18 June 2015


It started when I noticed what a terrific tune I'm Living In a Great Big Way is. In the streets of New Orleans, the best dancers and bands make quite something of it. See this video for example: CLICK HERE TO VIEW.

I wondered who composed this song. I found it was one of the batch of compositions by Jimmy McHugh and Dorothy Fields that traditional jazz bands have taken to their hearts.
Jimmy and Dorothy

You hardly ever hear a traditional jazz programme that does not include something by the formidable Fields and McHugh team. Jimmy McHugh wrote the music; and Dorothy Fields provided the lyrics.

Think of these, for example:

I Can't Give You Anything But Love
Exactly Like You
Magnolia's Wedding Day
On the Sunny Side of the Street
Don't Blame Me
I'm in the Mood for Love
I'm Living in a Great Big Way
Diga Diga Doo

And then there are some good numbers rarely played these days, even though they were recorded by the likes of Bix Beiderbecke, Louis Armstrong and Fats Waller:

Take It 'Way
Blue Again
Raisin' the Roof

And there were plenty more songs from the partnership, some of which would still make good material for our bands. Examples are:

Cuban Love Song
I Must Have That Man
I Feel a Song Coming On
I Won't Dance
Thank You For a Lovely Evening
The Way You Look Tonight
Lost in a Fog

All these - and many more tunes - were produced by the pair over a period of just seven years. Quite remarkable. At other times in their lives, they both composed with other partners. Jimmy wrote many songs in collaboration with Ted Koehler, Al Dubin and Harold Adamson. Dorothy went on to set lyrics to the music of such luminaries as Jerome Kern and Cole Porter. With Kern, she gave us the unforgettable advice: 'Pick yourself up; dust yourself off; start all over again.' 
Dorothy Fields
Jimmy and Dorothy wrote their songs mostly for revues and shows. For example, I Can't Give You Anything But Love comes from their score for the Broadway Musical Blackbirds of 1928. On the Sunny Side of the Street and Exactly Like You both come from the same show - Lew Leslie's International Revue. They also provided title songs for films.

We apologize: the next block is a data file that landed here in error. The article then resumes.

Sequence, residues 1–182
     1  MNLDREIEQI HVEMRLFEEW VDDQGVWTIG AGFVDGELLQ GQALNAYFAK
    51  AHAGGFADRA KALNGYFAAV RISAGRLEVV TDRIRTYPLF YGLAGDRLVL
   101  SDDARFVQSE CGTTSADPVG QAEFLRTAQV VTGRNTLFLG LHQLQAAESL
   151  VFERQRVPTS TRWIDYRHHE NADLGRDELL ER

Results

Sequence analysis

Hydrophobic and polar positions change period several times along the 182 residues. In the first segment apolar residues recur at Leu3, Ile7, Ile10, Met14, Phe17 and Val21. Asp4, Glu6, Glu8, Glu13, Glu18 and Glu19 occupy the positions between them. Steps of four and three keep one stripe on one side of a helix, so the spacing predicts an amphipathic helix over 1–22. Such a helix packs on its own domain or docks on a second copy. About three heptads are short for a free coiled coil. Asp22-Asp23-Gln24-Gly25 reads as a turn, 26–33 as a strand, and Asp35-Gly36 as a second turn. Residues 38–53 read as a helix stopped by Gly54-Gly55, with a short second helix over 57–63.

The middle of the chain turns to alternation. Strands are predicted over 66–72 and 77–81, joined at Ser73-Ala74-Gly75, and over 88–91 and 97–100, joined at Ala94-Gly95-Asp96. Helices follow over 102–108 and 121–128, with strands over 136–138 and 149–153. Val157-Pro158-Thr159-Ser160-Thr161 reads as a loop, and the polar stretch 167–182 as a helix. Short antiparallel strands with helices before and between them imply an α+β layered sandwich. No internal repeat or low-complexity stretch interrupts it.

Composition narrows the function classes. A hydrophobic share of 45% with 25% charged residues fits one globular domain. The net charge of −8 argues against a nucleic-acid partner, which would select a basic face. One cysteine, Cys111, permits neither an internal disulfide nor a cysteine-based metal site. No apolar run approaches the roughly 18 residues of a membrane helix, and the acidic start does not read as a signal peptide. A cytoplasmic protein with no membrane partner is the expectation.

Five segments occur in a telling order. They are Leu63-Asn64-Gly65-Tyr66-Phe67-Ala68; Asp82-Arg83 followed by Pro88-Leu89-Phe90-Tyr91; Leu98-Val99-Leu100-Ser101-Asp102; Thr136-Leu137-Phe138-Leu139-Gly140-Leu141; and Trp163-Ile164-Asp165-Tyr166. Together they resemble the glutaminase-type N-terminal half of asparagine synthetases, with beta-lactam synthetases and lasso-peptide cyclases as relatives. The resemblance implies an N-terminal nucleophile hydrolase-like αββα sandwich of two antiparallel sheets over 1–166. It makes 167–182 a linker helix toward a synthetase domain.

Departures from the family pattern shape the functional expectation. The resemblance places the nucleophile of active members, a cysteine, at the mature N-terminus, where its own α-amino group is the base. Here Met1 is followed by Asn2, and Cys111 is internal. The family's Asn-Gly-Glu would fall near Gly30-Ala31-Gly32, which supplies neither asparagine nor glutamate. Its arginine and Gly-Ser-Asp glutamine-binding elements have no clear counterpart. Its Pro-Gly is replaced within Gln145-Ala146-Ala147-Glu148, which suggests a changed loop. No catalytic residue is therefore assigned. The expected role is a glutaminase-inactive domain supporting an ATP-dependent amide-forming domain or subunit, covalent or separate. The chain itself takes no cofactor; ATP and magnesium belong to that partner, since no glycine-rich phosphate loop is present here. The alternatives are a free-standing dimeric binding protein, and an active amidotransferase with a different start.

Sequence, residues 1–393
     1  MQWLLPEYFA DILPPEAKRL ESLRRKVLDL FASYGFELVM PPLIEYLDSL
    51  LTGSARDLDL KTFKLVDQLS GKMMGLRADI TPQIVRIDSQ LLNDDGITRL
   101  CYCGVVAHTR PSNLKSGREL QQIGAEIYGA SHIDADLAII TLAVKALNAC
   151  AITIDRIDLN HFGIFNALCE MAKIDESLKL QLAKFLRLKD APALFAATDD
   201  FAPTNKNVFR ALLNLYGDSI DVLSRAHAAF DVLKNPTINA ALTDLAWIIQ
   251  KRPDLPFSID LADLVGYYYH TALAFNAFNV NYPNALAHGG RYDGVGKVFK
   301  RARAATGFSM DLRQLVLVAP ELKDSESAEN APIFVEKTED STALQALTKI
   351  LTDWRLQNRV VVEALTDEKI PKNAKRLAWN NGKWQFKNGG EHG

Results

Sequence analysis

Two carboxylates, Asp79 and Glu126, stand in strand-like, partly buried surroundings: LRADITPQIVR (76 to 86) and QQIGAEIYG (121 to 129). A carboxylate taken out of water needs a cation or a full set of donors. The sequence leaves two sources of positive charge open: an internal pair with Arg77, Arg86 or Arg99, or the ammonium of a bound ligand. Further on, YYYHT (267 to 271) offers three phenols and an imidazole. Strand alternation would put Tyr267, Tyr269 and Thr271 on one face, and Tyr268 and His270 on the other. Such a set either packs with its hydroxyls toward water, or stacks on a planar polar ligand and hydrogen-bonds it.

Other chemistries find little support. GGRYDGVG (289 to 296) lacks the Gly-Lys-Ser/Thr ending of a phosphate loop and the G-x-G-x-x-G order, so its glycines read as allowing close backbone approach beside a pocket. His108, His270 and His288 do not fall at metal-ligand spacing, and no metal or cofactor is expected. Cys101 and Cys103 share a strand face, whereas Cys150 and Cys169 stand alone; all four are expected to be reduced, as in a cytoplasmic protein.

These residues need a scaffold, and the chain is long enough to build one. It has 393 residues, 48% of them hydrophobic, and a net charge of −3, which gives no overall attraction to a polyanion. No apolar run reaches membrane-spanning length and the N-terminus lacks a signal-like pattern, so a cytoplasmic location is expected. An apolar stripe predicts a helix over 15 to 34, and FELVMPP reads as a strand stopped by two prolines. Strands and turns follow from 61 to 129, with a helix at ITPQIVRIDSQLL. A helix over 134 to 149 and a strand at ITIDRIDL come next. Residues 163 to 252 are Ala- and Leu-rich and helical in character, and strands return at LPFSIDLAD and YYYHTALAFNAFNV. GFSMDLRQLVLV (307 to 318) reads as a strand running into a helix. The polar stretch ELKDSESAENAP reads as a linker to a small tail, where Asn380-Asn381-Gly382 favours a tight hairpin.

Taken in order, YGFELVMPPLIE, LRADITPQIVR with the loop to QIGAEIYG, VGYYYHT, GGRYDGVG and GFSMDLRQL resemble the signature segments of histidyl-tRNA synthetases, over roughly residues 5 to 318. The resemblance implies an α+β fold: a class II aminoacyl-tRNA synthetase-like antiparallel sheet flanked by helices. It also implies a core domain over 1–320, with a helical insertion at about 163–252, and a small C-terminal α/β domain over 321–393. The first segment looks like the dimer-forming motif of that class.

Who exactly were Jimmy and Dorothy?

James Francis McHugh from Boston was born in 1894. His father - a plumber - at first wanted Jimmy to join him in the business. But the family was quite musical too. In his early years Jimmy worked as rehearsal pianist for Boston Opera House and then as a demonstrator for Irving Berlin's publishing company. In 1921 he settled in New York as professional manager to the Jack Mills music publishing business (where he also found a job later for Dorothy). He went on to compose over 500 songs, including many for stage shows and films, and they were performed by pretty well all the big singing stars from 1930 onwards. McHugh lived until 1969.

Dorothy Fields - eleven years younger than McHugh - was the daughter of a Polish immigrant (Lewis Maurice Schoenfeld) who was in show business - first as a comedian and then as a Broadway producer. Her brothers Joseph and Herbert were also in the entertainment industry, mainly as writers. So show business was in the family's blood. Dorothy grew up in New Jersey and New York. While at school, she started regularly writing poems. She worked for a short time as a teacher and laboratory assistant. According to one source, Dorothy appeared on the stage in London, where she was said to have acted in the Midnight Follies at the Metropole in the 1920s.

At the age of 18, Dorothy married Dr. Jack. J. Wiener of New York. She was soon noticed as a talented lyric-writer; and her seven-year collaboration with McHugh began when she was only 23 years old. She went on to write the lyrics for about 400 songs. In the final years of their collaboration, they worked in Hollywood.

Dorothy's second marriage, in 1938, produced two children. Dorothy died at the age of 68, in 1974.

Why is it that the work of the Fields-McHugh partnership lends itself so well to interpretation by traditional jazz bands? I think these are the three reasons:

(1) McHugh composed good, simple, catchy melodies and structured them in such a way (usually 32 bars, based on the pattern  a - a - b - a) that they could easily be caught and memorised after a couple of hearings.

(2) His harmonic structures are relatively simple. There's not too much of a challenge in most of his (often basic and repetitive) chord progressions, so they are not difficult for jazzers to improvise on.

(3) Dorothy Fields - whether writing lyrics for comic or whimsical settings, or for more heartfelt and emotional songs - manages to find lyrics that strike us as 'just right'. You wouldn't want to change a word. She could skilfully express sophisticated and complex notions in idiomatic and colloquial language and sharp images.

So let's carry on, as the elephant said, Livin' in a Great Big Way!